Theresa May to update Parliament on Brexit today

EU deputy chief Brexit negotiator, Sabine Weyand, said yesterday that the chances of reversing Brexit were “non-existent” as there is no majority in the House of Commons in support of a second referendum. Speaking at the launch event of the Munich Security Conference, Weyand added that the campaign for another vote would not be successful unless it “presented Europe as it is and not as a fantasy.”

Weyand also said yesterday, “When it comes to foreign and security policy the impacts of Brexit are limited,” adding, “In the exchange of secret service information, Great Britain is a lot less active than Germany and France…That is because cooperation on security takes place outside EU structures.” This comes as the Munich Security Report, published yesterday, warns “that Brexit proceedings will continue to inflict wounds on both sides of the Channel for years to come.”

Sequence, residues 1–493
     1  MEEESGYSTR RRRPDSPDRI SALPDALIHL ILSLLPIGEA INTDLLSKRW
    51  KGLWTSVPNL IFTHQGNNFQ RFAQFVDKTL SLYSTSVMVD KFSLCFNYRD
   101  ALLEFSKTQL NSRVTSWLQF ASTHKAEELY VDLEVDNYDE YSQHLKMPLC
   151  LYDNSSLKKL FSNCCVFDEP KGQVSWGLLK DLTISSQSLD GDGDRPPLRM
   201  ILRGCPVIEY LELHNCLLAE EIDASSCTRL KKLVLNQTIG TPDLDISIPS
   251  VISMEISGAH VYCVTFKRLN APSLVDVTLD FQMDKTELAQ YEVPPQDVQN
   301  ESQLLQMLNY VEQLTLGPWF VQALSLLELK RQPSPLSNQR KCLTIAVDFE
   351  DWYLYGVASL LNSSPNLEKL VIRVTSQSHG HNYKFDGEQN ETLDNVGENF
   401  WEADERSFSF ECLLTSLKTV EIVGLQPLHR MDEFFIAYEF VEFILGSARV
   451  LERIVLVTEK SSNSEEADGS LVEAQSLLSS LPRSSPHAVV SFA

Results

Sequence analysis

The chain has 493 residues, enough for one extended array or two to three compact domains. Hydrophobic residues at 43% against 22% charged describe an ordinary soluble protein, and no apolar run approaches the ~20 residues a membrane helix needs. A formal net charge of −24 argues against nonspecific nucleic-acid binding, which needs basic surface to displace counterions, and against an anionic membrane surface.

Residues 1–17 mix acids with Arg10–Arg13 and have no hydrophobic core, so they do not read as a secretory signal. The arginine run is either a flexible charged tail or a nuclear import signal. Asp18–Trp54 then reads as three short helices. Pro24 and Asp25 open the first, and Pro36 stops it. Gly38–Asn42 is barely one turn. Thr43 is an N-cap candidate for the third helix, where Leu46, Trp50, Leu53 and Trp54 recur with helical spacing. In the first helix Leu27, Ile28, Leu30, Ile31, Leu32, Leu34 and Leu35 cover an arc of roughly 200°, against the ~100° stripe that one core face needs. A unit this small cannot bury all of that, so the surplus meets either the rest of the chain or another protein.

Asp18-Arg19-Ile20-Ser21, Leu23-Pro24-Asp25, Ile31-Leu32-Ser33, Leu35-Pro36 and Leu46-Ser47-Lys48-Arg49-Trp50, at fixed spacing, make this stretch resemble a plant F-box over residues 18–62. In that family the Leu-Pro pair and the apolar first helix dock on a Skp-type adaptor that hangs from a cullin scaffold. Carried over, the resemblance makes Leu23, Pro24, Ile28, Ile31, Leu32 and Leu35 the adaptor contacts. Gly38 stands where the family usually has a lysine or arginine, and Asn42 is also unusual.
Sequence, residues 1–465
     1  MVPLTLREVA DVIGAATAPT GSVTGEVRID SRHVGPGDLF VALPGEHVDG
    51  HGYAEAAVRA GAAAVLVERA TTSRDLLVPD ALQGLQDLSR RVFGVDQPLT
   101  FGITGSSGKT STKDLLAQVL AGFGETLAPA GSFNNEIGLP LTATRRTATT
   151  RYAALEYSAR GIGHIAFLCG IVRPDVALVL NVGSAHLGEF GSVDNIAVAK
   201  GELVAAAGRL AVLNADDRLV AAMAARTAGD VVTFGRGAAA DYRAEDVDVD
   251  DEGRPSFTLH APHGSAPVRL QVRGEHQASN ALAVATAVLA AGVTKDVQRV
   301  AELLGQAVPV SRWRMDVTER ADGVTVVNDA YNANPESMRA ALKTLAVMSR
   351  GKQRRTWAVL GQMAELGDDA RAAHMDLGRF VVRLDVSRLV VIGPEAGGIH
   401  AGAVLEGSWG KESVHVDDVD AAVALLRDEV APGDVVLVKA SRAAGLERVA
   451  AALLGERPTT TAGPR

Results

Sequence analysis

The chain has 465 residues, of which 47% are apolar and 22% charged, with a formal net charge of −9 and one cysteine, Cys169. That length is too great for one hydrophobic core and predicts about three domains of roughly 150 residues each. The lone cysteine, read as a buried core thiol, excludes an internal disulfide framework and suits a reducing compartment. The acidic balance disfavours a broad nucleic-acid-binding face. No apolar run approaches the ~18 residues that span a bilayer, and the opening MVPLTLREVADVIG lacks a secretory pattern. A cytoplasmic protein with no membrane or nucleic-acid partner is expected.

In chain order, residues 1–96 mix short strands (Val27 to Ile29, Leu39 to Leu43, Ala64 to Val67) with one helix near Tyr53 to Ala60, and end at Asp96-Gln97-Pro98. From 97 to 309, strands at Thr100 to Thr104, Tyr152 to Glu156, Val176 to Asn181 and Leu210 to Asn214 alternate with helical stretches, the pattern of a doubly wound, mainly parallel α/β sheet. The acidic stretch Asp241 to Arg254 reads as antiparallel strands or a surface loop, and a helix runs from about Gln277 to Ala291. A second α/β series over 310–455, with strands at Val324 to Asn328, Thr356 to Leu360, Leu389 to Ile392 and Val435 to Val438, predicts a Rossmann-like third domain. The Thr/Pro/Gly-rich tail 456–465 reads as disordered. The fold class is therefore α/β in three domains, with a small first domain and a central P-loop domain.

Separately, Richard Martin, the National Police Chiefs’ Council lead on Brexit planning, has warned of the consequences of losing access to EU sharing systems in the event of No Deal. In particular, he said that it would take much longer to investigate criminals who have committed crimes abroad and subsequently been arrested in the UK. Martin noted that instead of information being shared in two days as now, it would take more than two months to check the criminal records of a suspect with European counterparts, during which time the suspect could abscond. Martin said, “If we don’t get information back from our EU partners in a timely fashion, there’s a real risk [of a suspect absconding]. If they know they are likely to be incarcerated or charged, that’s a very real possibility.”

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